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Over 3.5 million refugee children miss out on school, report finds

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Over 3.5 million refugee children miss out on school, report finds

UNHCR calls for education of refugees to be a fundamental element in humanitarian response.
12 September 2017 Also available in:
Rwanda. Scores of Burundian refugees continue to arrive into Rwanda
Lydiella Hakizimana, 13, attends a school in Mahama camp in Rwanda, where she and other young refugees are integrated into the national school system alongside Rwandan students.

GENEVA – More than 3.5 million refugee children did not have the chance to attend school in the last academic year, UNHCR, the UN Refugee Agency, says in a report published today.

Entitled “Left Behind: Refugee Education in Crisis”, the report says that, globally, 91 per cent of children attend primary school, but for refugees that figure is just 61 per cent, and in low-income countries less than 50 per cent.

It says there are 6.4 million refugees of school age – between five and 17 – among the 17.2 million refugees under UNHCR’s mandate. “In 2016, only 2.9 million were enrolled in primary or secondary education. More than half of them – 3.5 million – did not go to school,” it continued.

In a statement, Filippo Grandi, the UN High Commissioner for Refugees, said: “The education of these young people is crucial to the peaceful and sustainable development of the countries that have welcomed them, and to their homes when they are able to return. Yet compared to other children and adolescents around the world, the gap in opportunity for refugees is growing ever wider.”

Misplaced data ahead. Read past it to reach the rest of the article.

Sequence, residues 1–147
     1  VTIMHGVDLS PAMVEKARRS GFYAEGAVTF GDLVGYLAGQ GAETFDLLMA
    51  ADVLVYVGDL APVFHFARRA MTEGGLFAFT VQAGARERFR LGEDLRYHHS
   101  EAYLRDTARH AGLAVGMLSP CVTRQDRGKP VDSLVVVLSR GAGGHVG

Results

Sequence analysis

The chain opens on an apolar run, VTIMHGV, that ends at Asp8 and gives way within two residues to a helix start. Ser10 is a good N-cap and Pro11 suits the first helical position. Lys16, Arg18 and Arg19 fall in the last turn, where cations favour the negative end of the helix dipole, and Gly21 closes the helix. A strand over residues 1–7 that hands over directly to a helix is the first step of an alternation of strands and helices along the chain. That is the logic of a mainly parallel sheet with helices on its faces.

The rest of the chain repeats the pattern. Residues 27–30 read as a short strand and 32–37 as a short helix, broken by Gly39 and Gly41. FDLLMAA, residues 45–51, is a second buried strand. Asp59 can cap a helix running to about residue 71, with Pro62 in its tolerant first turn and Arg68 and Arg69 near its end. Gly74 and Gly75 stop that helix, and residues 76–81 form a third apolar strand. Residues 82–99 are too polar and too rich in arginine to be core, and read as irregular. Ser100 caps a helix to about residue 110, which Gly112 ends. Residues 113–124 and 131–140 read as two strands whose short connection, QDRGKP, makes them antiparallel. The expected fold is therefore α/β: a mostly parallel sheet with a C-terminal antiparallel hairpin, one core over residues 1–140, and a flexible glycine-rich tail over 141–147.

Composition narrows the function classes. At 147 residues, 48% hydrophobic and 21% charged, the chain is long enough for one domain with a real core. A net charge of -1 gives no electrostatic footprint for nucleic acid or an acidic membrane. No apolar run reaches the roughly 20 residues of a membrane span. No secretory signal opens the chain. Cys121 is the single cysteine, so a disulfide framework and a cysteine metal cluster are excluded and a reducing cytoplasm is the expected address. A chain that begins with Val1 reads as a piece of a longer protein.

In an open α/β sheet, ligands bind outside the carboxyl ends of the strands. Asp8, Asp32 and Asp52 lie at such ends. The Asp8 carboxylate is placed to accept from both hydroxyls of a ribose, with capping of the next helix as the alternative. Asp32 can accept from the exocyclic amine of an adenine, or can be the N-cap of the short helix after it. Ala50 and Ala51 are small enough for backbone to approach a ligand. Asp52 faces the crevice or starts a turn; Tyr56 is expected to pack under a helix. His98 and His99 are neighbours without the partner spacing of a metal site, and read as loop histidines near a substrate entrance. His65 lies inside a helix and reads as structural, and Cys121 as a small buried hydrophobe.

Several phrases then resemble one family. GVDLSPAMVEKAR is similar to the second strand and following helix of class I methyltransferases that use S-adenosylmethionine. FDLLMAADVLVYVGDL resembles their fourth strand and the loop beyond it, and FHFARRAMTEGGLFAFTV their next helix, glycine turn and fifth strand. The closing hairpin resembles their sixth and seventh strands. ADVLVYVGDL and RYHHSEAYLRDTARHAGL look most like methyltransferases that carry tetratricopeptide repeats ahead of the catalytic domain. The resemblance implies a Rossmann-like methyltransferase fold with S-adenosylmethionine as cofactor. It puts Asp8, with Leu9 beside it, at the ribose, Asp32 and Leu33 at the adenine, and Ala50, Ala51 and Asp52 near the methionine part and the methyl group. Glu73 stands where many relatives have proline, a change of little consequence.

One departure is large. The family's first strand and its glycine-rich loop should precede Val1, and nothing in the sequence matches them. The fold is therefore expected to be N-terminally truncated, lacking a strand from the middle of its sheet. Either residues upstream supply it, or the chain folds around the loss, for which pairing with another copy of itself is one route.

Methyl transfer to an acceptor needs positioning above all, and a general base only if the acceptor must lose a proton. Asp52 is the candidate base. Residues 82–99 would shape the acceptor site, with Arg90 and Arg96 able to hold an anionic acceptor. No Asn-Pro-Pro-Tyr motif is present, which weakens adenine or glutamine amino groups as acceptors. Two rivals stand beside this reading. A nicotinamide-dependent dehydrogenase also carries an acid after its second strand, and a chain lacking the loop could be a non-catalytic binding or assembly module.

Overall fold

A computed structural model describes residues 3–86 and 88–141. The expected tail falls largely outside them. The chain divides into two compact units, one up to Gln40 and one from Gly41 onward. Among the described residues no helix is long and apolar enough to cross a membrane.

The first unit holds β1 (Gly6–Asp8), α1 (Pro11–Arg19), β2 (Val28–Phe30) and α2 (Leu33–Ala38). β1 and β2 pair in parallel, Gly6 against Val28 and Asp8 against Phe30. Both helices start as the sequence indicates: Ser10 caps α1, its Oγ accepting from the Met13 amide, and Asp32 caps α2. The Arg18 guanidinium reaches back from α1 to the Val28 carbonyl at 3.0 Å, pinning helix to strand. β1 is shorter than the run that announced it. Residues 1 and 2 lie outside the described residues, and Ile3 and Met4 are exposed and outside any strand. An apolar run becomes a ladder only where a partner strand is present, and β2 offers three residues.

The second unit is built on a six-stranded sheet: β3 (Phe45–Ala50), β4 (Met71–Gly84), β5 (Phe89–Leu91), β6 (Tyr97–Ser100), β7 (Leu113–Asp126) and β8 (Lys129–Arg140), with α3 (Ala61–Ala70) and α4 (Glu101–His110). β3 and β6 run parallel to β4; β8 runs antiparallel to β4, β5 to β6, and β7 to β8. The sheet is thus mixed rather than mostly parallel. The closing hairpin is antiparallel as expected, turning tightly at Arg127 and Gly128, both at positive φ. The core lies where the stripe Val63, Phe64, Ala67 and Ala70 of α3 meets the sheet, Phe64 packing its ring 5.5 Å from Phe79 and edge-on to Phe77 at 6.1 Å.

As refugee children get older, the obstacles increase: only 23 per cent of adolescent refugees are enrolled in secondary school, compared with 84 per cent globally. In low-income countries, just 9 per cent of refugees are able to attend secondary school.

For tertiary, or post-secondary, education the situation is critical, it added. The percentage remains at 1 per cent for refugees, compared with 36 per cent worldwide.

The report calls for education to be considered fundamental to the response to refugee emergencies, and for it to be supported by long-term planning and reliable funding.

It urges governments to include refugees in their national education systems and highlights some of the efforts made towards implementing such a policy, even in countries where resources are already stretched.

This is the second annual education report from UNHCR. The first, Missing Out”, was issued in advance of the UN General Assembly’s Summit for Refugees and Migrants last September. The New York Declaration for Refugees and Migrants, signed by 193 countries, put education at the forefront of the international response.

“Despite the overwhelming support for the New York Declaration, one year on, refugees are in real danger of being left behind in terms of their education,” said Grandi. “Ensuring that refugees have equitable access to quality education is a shared responsibility. It is time for all of us to put words into action.”

UNHCR is working along with partners to bring education to refugees around the world, in and out of camps. Increased funding is urgently needed to put more refugee children in school.